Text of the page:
I am sometimes asked why the penal substitution theory of the atonement is so popular. Advocates of this position are justly proud of the fact that it is the default position in Protestantism (although as of late that is being challenged). The answer is simple really. Penal substitution is popular because it is a theory of how the gods are placated that is and has been part of social-theological DNA from the dawn of time.
Rene Girard and advocates of the mimetic theory have proposed that in the beginning there was the scapegoat. Humans form their identity on that which they exclude. This goes against the grain of the standard Platonic reading of the Genesis story which starts with some perfect Eden into which the human is inserted, and then ‘falls’ from perfection. Almost all of the early church fathers read the Genesis story through this lens. And it worked for them although they did not then find the solution in a penal theory of atonement. They preferred a vision of atonement whereby Jesus, as the Second Adam, conquered sin, death and the devil. However, modern anthropology is beginning to see the heuristic value of this mimetic reading of our ancestral past which does not begin in Eden but in Death. This reading of our ancestral past takes its cue both from the evidence of the historical and archeological record and in Christian theology reckons with the key text that interprets all of this data: the Passion of Jesus of Nazareth.
Since the influence of John Calvin on the West, penal substitution has become the default position. In one sense it is the new kid on the block when it comes to understanding the death of Jesus and the work of God in reconciling humanity. In this view, God is angry at sinners who have broken covenant with God by disobeying the Law of God. God needs to have his anger propitiated and so sends Jesus to be the perfect sacrifice for our sin. Jesus pays the price on our behalf.
In the past thirty years this view has been challenged head on from a number of different directions. Feminist theologians have called this view ‘divine child abuse.’ They have been criticized on this score, particularly by those who, influenced by Karl Barth, want to understand this propitiation as an inner Trinitarian work: God takes upon God’s self our punishment. However, penal substitutionists cannot evade the fact the Father does not suffer punishment for our sin, only Jesus does. The Father is actively pouring out wrath on the Son; the Son passively accepts this wrath and dies.
This view is not really new with Calvin though, he just gives an ancient view a ‘Christian’ slant. This view of the gods being wrathful and in need of propitiation is as old as the hills. It stems from our earliest human ancestors going back before Homo sapiens. When anthropologists unpack the concept of sacrifice what they discover is the basic building block of all religion and culture: the concept of an economy of exchange. We give in order to receive. Girard and mimetic theorists posit this structuring principle as the foundation of religion oriented by the scapegoat, who is our gift to the gods to displace their wrath.
Some feel they can dismiss this anthropological theory by appealing to the Bible or the Early Church Fathers. The fact is that this theory can be found in the Bible. But it is this very way of thinking that the Bible is arguing against. A major burden of my work has been to demonstrate that such is the case and that we need a new view of the Bible as a book which contains two trajectories: that of myth, which justifies scapegoating practice and that of Gospel which exposes it and overcomes it, and offers an alternative way of being human and forming human community in forgiveness and love.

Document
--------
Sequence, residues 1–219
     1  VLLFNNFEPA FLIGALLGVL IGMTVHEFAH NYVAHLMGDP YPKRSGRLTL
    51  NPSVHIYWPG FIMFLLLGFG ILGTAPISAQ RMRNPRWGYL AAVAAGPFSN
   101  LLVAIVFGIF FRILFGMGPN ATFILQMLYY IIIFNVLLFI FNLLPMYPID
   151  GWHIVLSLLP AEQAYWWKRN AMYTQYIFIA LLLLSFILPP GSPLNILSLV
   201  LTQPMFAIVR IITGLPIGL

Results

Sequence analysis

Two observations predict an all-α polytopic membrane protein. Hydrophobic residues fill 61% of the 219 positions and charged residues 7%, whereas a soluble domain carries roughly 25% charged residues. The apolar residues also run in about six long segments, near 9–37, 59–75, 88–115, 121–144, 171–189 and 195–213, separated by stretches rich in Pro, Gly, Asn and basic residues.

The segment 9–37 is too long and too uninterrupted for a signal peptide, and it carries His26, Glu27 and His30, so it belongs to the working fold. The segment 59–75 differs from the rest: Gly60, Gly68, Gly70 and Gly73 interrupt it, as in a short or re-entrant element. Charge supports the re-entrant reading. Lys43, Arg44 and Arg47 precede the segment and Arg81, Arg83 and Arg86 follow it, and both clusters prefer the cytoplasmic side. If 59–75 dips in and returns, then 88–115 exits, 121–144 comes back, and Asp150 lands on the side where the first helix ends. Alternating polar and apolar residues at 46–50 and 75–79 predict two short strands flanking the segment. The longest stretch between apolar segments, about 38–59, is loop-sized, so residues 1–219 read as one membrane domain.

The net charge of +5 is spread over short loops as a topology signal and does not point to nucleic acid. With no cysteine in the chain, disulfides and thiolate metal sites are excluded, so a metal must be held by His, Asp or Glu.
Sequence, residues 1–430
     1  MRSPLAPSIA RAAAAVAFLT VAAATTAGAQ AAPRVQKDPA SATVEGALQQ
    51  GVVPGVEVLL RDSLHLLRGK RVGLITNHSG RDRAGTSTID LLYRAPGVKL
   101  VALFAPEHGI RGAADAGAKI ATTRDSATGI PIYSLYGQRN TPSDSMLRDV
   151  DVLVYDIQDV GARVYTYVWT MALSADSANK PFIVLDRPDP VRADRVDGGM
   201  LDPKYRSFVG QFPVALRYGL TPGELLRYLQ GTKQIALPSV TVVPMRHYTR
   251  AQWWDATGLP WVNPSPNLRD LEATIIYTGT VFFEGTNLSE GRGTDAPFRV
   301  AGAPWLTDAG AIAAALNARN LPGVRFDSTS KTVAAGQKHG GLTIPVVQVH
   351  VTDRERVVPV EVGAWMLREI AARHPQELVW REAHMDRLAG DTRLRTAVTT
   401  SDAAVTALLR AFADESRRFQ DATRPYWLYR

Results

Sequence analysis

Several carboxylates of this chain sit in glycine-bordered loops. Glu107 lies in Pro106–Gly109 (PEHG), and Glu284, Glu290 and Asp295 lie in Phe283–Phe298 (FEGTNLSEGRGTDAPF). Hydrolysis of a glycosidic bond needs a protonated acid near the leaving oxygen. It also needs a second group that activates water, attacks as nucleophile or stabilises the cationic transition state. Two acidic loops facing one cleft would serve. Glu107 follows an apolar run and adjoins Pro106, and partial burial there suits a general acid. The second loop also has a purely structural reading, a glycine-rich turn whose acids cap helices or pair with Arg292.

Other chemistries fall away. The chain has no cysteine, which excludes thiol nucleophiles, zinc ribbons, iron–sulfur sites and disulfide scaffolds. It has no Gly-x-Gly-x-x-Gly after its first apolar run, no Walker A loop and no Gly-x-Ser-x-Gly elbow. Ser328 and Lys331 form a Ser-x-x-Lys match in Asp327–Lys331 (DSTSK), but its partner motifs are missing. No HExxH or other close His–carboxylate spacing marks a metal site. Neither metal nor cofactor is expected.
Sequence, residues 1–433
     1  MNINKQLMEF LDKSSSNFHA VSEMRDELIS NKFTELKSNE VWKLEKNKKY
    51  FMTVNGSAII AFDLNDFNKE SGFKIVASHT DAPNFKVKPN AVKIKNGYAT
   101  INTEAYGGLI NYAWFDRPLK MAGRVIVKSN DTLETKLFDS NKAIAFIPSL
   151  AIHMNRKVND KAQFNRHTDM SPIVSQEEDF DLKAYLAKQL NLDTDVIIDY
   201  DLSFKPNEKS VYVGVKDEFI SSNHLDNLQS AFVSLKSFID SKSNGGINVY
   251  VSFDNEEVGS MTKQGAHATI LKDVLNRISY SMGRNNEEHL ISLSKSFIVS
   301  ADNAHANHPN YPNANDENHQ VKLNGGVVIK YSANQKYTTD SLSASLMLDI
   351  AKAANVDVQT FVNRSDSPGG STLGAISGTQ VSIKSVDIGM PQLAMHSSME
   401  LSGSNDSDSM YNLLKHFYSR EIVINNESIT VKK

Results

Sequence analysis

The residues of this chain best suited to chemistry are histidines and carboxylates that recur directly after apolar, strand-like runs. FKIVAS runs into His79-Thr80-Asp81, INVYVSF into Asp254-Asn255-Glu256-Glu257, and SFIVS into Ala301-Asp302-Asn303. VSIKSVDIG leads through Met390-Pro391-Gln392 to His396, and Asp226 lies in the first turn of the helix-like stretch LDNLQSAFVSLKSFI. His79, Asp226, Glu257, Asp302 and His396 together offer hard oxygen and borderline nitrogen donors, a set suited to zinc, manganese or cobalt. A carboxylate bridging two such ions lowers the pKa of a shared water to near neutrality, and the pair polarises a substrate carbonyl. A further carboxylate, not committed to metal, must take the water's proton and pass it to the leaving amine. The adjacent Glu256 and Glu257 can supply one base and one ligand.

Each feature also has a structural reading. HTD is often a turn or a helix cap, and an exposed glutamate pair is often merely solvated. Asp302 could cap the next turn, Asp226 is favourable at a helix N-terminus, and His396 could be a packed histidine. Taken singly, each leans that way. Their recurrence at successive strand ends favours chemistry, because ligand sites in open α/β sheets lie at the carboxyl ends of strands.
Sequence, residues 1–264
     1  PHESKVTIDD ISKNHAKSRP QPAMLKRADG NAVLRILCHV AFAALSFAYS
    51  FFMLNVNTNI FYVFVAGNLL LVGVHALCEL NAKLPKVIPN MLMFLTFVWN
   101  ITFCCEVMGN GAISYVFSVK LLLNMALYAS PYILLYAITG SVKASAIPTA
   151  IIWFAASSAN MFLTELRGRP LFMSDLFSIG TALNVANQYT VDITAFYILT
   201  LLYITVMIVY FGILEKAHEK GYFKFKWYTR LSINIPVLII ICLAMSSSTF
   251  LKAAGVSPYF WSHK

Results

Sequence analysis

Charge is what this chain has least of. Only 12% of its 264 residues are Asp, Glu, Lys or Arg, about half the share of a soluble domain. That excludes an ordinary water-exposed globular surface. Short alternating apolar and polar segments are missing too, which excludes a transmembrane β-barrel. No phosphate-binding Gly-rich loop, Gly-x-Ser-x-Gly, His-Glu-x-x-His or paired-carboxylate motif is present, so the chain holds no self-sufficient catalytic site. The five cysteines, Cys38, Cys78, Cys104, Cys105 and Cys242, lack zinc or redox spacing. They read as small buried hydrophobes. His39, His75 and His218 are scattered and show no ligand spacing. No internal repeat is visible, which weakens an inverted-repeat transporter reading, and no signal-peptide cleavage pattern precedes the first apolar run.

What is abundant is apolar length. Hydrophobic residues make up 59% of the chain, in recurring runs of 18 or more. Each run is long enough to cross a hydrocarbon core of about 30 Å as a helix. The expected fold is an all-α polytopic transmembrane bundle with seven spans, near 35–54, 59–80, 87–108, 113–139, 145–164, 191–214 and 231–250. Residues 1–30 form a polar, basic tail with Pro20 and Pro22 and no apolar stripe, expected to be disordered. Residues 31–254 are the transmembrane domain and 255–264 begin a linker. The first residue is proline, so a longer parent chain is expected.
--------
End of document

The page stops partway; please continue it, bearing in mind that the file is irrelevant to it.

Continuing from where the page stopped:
Those who say that we need to retain penal substitution alongside Christus Victor and other theories of the atonement because all of these can be found in the Bible fail to rightly divide the word of truth. They fail to see that both trajectories are contained in the Bible and that these opposing viewpoints are set against one another. They would prefer to have their cake and eat it too, mixing sacrificial and non or anti-sacrificial interpretations together as though both were saying the same thing rather than recognizing that they are antithetical opposites.
The world has rightly rejected the Janus-faced god, the deity whose arbitrariness, capriciousness and anger has been the justification for all manner of social exclusion including but not limited to discrimination and warfare. Modern atheism rightly rejects this god. The new groups of those disaffected with Christianity, the ‘Nones’ and the ‘Dones’ are tired of this god. They have an intuition that God is better than that. They sense that somehow the church is missing the point of the Gospel. And all of these groups are right! As long as Christianity remains mired in a sacrificial interpretation of the Bible, as long as the life and teachings of Jesus are marginalized or dispensationalized or ignored, the Gospel of Peace is not being proclaimed.
We live in an apocalyptic time, a time where the human species is on the verge of a great conversion. Christianity has helped bring us to this moment and it is Christianity that also faces this apocalyptic moment. Will we convert to the message of grace and peace? Or will Christianity just continue to be nothing other than archaic religion, cannibalizing others in order to build a Christian Empire.
Time will tell. And so we watch and wait and continue to do theology in hopes that our work will expose the satanic lie of scapegoating and bring about the conversion of Christians….to Jesus.